An article from Uncle Bob stimulated a bit of a debate in my office recently. The question was, leaving aside some of the funky architectural possibilities that Microservices can enable (elastic scaling etc.) and the ability to mix and match languages and platforms, can other benefits of Microservices, such as ease of testing and independent deployment, be replicated in a well-structured "monolith" application?
I'm pretty sure the answer is yes, but I'm starting to think it probably helps to think about your system in terms of Microservices anyway, even if you then chose to implement those Microservices as linked libraries in a single application.
One of things about the Microservices approach is that it demands some more design up front in order to identify the services and their responsibilities, and how they are going to communicate. I think this is probably the most important part of any design as it focuses at a level above software abstractions and patterns and instead focuses on the desired behaviours of the system components. In his description of Hexagonal Architecture a.k.a "ports and adapters", Alistair Cockburn talks about how ports "identify a purposeful conversation" and designing the APIs of potential Microservices is effectively defining the ports of those components and therefore the "purposeful conversation" that will describe the entire system.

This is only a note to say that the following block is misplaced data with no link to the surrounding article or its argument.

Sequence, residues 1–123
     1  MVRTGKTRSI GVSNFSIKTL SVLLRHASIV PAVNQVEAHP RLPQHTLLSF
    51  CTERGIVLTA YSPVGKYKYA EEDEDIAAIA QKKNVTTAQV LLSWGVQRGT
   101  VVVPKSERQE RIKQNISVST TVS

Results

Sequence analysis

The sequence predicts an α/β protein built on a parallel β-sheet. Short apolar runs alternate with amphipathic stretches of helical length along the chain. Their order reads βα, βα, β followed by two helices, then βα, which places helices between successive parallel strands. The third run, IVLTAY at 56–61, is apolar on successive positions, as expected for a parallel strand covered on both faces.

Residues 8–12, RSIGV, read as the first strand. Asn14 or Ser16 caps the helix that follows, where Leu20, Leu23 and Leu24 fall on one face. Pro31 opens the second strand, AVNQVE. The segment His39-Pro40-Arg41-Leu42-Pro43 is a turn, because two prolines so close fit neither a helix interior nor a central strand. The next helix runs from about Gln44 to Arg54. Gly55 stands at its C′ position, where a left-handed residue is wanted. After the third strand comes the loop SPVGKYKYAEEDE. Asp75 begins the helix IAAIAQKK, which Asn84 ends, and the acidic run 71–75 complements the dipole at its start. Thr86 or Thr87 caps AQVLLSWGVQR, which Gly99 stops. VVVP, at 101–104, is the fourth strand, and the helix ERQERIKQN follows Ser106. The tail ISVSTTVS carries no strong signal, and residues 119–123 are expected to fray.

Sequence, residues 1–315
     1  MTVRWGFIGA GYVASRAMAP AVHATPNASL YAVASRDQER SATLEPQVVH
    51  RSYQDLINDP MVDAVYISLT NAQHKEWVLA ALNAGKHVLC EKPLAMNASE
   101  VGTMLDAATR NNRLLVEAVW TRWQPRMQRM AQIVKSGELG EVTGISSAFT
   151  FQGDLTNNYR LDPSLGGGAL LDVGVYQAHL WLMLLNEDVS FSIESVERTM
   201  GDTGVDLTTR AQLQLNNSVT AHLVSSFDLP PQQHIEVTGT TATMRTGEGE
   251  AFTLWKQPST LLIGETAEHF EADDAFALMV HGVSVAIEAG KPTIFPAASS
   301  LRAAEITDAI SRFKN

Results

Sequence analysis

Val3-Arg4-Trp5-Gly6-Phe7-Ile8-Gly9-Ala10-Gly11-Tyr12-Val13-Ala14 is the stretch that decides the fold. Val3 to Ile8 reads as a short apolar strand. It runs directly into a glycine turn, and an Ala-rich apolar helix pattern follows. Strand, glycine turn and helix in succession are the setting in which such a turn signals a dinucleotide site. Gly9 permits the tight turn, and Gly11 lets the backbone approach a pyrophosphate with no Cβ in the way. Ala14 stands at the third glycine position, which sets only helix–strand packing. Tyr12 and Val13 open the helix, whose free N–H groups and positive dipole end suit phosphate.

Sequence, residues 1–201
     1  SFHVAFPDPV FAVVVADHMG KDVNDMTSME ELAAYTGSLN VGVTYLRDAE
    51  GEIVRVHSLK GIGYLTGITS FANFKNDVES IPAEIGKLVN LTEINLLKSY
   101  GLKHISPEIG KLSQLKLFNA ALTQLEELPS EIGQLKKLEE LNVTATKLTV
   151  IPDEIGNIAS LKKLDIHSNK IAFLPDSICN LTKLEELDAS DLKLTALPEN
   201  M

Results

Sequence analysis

And yes, there is no need to take a Microservices approach in order to tackle this kind of design exercise, but it seems to me that it's more likely to happen when designing systems in this way. In more traditional architectures and approaches I find that design conversations are more likely to get skewed towards layered architectures or get shrouded in pattern language. Or sometimes a fear of doing "Big Design Up Front" discourages any design up front and instead we try to make our design emerge through TDD. I'm sure many people are skilled enough to create beautiful designs in this way but it is something that I struggle with.
Perhaps it might help to design as if you are building Microservices, even if you end up implementing a monolith.